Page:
(Takeshi Kitano, Japan, 1999)


There is a special bunch of art films in which an adult wanders many miles with a child who is not his or her own kin: Wim Wenders' Alice in the Cities (1974), John Cassavetes' Gloria (1980) and Takeshi Kitano's splendid Kikujiro.

All these movies offer strange, whimsical, suspended, rather melancholic fantasies. The adults start out as grumpy, reluctant minders; in fact, they actively dislike children, and have no idea how to entertain or nurture them. In the course of their stories, these adults learn a little how to bond with kids and guide them – discovering in the process a hitherto unseen ability to love.

But where the sentimental, Hollywood versions of such a tale always end up constituting a new parent-child duo, fully socialised, these films explore other states and emotions. While the meandering journey takes place, the adult regresses into infantilism, and the child quickly takes on qualities of resourcefulness and tenacity. Normal roles and identities become perfectly fluid, and playfulness becomes the order of the day.

What of the everyday, social world of homes, families, schools and workplaces? It becomes a fleeting mirage in these films, glimpsed from moving trains or out of car windows – a dream of happiness that seems like a lost illusion. And this loss becomes especially poignant when we realise that the child is pining for a largely absent parent.

Like the child, the adult also seeks to reconnect with the world and its community; but, for both, the time of personal indefinition on the road provides a kind of grace and freedom.

Compared to Kitano's previous film, the grave and masterly Hana-bi (1997), Kikujiro is a lark. Largely plotless – at least in a conventionally driving way – it is essentially a comedy with sad and occasionally serious undertones. As in the 'fairy tales for adults' made by Abbas Kiarostami (Where is My Friend's House?, 1987), Kikujiro grazes, in a nocturnal interlude, against some nasty realities of abuse and exploitation. But then it's back to the dreaming and the games – no previous Kitano film has felt so light, in the best sense.

Certainly, it is a pure delight to see and hear. Like little Masao (Yusuke Sekiguchi) and Kikujiro (Kitano), one loses track of time, geography and reason: enthralled, I found myself wanting the film to last forever.

Even in this relaxed mode, Kitano never loses his precise, unique way of putting images, sounds and actions together. Everything in his movies trembles with an inner tension: the angles at which people hold themselves in the frame; the punch-lines to sight-gags that are held off as long as possible; the passing moments of enigma in which we experience a blissful disorientation as to what is really going on; and Kitano himself, a model of stripped-down, hard-boiled acting who makes Clint Eastwood look hammy.

Kitano works in a chiselled, minimalist, even primitive style that recalls the simplicity of cinema's silent days (Chaplin is a constant reference here). Events advance in strictly patterned repetitions, driven by the cyclical melodies of Joe Hisaishi's beautiful score. This style turns out to be a strategic withholding: when Kitano finally creates an elaborate moment with a craning camera, full musical orchestration and modest special effects, the emotional impact is overwhelming.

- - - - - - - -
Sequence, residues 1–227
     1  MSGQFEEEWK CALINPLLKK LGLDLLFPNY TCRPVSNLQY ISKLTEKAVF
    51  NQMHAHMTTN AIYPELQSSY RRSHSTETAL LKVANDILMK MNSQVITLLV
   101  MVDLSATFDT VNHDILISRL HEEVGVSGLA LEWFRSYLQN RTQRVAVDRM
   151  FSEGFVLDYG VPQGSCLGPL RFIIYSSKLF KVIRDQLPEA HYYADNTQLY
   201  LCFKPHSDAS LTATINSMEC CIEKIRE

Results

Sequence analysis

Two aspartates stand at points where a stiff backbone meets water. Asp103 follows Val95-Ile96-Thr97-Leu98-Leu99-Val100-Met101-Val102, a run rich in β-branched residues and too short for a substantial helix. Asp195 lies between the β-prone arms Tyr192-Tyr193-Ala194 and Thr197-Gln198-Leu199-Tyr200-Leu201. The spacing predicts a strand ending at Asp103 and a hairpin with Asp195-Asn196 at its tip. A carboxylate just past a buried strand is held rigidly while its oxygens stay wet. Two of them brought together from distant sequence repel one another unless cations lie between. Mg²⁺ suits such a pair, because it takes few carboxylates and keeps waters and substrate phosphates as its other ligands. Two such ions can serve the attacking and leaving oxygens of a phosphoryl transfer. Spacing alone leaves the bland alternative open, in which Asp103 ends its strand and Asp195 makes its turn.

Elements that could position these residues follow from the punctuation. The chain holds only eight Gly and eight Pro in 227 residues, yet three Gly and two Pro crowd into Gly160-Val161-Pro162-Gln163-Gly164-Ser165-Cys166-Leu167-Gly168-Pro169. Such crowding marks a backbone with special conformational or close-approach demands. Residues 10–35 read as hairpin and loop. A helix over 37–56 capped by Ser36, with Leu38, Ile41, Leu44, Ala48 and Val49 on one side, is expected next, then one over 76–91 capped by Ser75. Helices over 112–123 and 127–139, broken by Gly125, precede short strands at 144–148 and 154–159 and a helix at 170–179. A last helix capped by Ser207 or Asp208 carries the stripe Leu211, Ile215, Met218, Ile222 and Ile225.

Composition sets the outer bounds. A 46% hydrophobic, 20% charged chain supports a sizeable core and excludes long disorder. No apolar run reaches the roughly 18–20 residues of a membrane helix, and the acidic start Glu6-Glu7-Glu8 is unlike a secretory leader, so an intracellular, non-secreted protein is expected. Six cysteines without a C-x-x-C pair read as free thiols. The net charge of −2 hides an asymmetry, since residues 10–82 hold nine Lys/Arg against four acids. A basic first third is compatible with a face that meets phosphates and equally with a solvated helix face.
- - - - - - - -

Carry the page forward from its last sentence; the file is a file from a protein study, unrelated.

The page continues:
Kikujiro shares much with Kitano's earlier films – such as his favourite images of angels or the sea – except for their intense violence. The small amount of physical mayhem here is delivered in a burlesque fashion and photographed from an exaggerated distance. In some senses, this film represents a deliberate inversion of the sombre, hyper-masculine obsessions of Kitano's dramas, carried to the point of self-mockery. (Kitano soon returned, however, to familiar, bloody terrain in his first American production, Brother [2000].)

The more juvenile the humour gets, the lovelier Kikujiro becomes. Kitano conjures an all-male world in which the regression to childish pleasure turns even beastly brutes (a few are collected en route) into whimpering kids. Kikujiro himself is a big, demanding baby: like a film director, he is always ordering his companions around, stage-managing scenes and demanding to be the centre of attention.

Although Kitano is unquestionably one of contemporary cinema's greatest artists, his work sometimes meets audience resistance.

There is something fundamentally disconcerting about his sensibility; if his films do not manage to disarm your preconceptions, you will likely never enter into the spirit of his fantasy.

This can initially be hard work, for alongside all the signs of what we can readily recognise as film art, there is an inescapable level of what can seem like kitsch. This expresses itself in Kitano's deliberately naive symbolism; in his own paintings on prominent display; in the soaring music; and in the barely contained hysteria of elemental emotion.

Just as Kikujiro mixes up and fuses the roles of child and adult, it gently but powerfully redefines our values of art and kitsch. It will hopefully net Kitano a larger audience – as well as surprising his devoted fans with its new moves.

© Adrian Martin November 2000

Film Critic: Adrian Martin
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